TOWN OF AMSTERDAM -- Maple Avenue Extension was renamed Sgt. Jeremy VanNostrand Memorial Drive on Friday in a ceremony that honored the career of the trooper who was killed last year in a car crash.
Amsterdam Town Supervisor Tom DiMezza spoke at the ceremony. DiMezza said VanNostrand often spent time patrolling Maple Avenue Extension, driving to and from Town Hall. He said VanNostrand wrote tickets and made arrests in Amsterdam that helped to improve public safety for the residents of his town. He also spent some time in DiMezza's home, eating his wife's home cooked brownies.
"He was actually like a third son to me," DiMezza said. "He would often stop at the house, when they were taking a break or something and get a drink. My wife would have something to eat for the guys, because he worked with my son, my son's a trooper. I'd see him quite often. My wife used to make him brownies all of the time, but they'd never make it to his house. He'd eat them before he got home."
Maple Avenue Extension, a Montgomery County road, was renamed by order of Montgomery County Executive Matt Ossenfort. A purple sign with the New York State Police seal and "N.Y.S.P Sergeant Jeremy J. VanNostrand Memorial Drive" printed on it was unveiled during the ceremony. The sign was erected by county personnel, including Dave Soulia, under the direction of County Highway Commissioner Eric Mead.
Montgomery County Sheriff Jeff Smith blocked off the road to allow for the memorial ceremony. VanNostrand's widow, Angela VanNostrand, and his parents, Andrew VanNostrand and Julia Brockhum, attended. Father Robert DeMartinis gave an opening prayer.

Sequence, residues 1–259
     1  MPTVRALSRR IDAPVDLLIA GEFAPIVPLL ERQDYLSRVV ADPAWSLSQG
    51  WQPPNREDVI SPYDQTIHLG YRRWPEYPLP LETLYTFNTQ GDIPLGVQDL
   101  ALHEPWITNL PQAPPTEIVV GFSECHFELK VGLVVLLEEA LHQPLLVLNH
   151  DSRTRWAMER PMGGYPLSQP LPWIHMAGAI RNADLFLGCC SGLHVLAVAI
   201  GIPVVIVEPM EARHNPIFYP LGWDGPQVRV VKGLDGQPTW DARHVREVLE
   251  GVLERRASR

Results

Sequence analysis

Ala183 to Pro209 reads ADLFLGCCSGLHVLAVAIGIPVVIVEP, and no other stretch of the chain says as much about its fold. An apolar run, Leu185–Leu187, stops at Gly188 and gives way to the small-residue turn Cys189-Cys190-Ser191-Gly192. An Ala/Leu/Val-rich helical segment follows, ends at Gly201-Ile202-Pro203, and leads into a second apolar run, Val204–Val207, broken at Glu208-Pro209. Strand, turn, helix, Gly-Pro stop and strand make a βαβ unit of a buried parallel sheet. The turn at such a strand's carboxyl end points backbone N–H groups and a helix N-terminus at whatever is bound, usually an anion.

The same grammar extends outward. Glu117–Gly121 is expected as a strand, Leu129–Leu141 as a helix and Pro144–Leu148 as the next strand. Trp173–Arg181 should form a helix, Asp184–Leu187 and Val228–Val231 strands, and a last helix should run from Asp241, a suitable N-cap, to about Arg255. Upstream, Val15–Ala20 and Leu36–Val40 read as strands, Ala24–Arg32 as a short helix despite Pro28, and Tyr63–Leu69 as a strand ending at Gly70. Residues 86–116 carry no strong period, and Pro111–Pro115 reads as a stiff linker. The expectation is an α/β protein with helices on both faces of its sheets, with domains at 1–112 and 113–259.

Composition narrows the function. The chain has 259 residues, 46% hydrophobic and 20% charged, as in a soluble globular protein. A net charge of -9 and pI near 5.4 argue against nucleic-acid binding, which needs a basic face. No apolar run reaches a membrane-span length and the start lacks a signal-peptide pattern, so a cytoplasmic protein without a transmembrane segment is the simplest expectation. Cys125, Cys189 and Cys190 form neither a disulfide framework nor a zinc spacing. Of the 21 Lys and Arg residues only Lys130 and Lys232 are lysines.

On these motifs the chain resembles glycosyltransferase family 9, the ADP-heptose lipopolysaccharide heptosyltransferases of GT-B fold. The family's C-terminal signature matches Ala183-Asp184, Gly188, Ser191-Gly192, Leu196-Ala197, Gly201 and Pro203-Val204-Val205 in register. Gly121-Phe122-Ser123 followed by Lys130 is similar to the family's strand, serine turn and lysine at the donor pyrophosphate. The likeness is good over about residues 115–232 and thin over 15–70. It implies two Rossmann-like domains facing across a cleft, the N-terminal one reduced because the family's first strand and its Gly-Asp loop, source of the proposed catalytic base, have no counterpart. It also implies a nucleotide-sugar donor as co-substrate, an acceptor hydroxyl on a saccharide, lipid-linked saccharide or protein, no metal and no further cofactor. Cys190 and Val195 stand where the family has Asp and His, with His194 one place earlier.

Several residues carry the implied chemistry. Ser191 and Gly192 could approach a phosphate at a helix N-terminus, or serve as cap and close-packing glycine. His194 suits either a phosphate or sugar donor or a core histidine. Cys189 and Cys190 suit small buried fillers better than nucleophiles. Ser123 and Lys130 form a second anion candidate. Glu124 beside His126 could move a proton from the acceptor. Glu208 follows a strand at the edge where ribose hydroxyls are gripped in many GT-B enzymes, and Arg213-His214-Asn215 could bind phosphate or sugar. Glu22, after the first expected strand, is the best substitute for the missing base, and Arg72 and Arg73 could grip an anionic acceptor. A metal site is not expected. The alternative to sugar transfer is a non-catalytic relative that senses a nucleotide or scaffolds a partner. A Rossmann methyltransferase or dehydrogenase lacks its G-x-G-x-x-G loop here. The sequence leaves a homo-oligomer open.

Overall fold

VanNostrand, who was 36 when he died, was killed on Nov. 27, 2018 when he arrived for work at 7:45 a.m. outside of the town of Glen state police barracks where he worked. He was driving his personal vehicle, a Nissan Altima and was stopped in the westbound lane, waiting to turn into the station when he was rear-ended by a box truck and pushed into the oncoming lane, state police have said. VanNostrand's vehicle was then hit by a pickup truck that was headed east.
State police Maj. Robert Patnaude was VanNostrand's commanding officer. He said there is still an ongoing criminal investigation into the circumstances of the accident, but the general public can still learn a lesson from the incident.
"His death was 100 percent preventable, if the driver would have just been focused on driving instead of other things," he said. "This happens every day. Jeremy was just going to work, like millions of people do every day, people who are driving these machines, that weigh thousands of pounds and they are focused on other things instead of on their driving. "We hope this sign and this road serve as a reminder to people to be careful."
This is the second section of a highway named after the fallen trooper. In July, Gov. Andrew Cuomo signed a law renaming a stretch of Route 5S after Sgt. Jeremy J. VanNostrand. He also often patrolled that stretch of Route 5S while conducting his duties.